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Gases and Ideal Gases

The gaseous state of matter is characterized by the fact that it fills always all the available space, means a gas has neither a specific shape nor a defined volume. Microscopical a gas consists out of individual particles with a specific volume and some distance between. The constituents can interact by elastic and inelasic collisions.

A gas is considered as ideal if it can be described just by the three macroscopic properties temperature, volume and pressure. The following relation must hold between the macroscopic variables of an ideal gas:

p V = N {\ensuremath{k_B}}T,
\end{displaymath} (1.1)

where \ensuremath{k_B} is the Boltzmann constant, $T$ the absolute temperature in Kelvin and $N$ denotes the total number of gas molecules/atoms. In materials processing usually the absolute number of particles is not as important as the particle density $n$:

n = \frac{N}{V} = \frac{p}{{\ensuremath{k_B}}T}.
\end{displaymath} (1.2)

From the previous equation it is obvious that the gas density depends only on pressure and absolute temperature. By filling the above formula with numbers we get:

n = 7.243 \times 10^{16}  \frac{p/Pa}{T/K}  cm^{-3},
\end{displaymath} (1.3)

n = 9.657 \times 10^{15}  \frac{p/mTorr}{T/K}  cm^{-3},
\end{displaymath} (1.4)

where pressure and temperature are measured in Pascal and Kelvin, the second formula is the same just with the pressure given in mTorr, as this is still very commonly used, if you are active etching you what I am talking about, one equipment vendor likes Torr or mTorr the other Pascal and you are continously calculating how many mTorr is one Pascal, remember it is 7.5mTorr. To get more in touch with the numbers involved lets calculate the density at a typical processing pressure of $1 Pa$ and a temperature of $300 K$. The resulting density $n$ is $2.4 \times 10^{14}$ particles per cubic centimeter. If we reduce the dimensions to the typical feature size in semiconductor manufacturing of $1 \mu m$ then a cubic with this width contains just $240$ particles.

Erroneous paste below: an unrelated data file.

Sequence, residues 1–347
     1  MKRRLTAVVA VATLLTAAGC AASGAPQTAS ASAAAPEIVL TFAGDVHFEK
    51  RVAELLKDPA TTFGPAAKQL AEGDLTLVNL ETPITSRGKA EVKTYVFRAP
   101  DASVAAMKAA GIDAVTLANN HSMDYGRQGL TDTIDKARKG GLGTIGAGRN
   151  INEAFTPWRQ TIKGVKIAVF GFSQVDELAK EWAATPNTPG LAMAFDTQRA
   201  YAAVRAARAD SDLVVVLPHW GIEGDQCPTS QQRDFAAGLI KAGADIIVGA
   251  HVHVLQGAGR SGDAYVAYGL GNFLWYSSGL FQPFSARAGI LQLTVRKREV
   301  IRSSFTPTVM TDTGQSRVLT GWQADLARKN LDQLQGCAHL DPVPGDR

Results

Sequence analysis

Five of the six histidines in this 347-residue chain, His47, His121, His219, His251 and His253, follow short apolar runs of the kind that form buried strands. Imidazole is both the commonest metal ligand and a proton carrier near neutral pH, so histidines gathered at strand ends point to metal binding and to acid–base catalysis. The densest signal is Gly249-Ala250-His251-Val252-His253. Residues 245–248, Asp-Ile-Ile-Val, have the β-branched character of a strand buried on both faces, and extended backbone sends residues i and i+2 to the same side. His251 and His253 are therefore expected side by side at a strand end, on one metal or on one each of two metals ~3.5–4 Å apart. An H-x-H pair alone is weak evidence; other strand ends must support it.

The term ideal gas relates to the fact that the state does not depend on the kind of gas, all gases behave in the same way. In reality, especially at higher pressure and lower temperature, this is not always true, but under the typical conditions of material processing all gases can be treated as ideal. In the kinetic gas theory eqn. [*] can be deduced from basic principles under the following boundary conditions:

From this it is quite clear why especially at low pressure most gases can be treated as ideal. As we saw in eqn. [*] lower pressure means lower density. So less particles per volume lead to long distances and small interactions between them. As we will see in the next section on kinetic theory not the type or mass of the constituents is important, just the kinetic energy.

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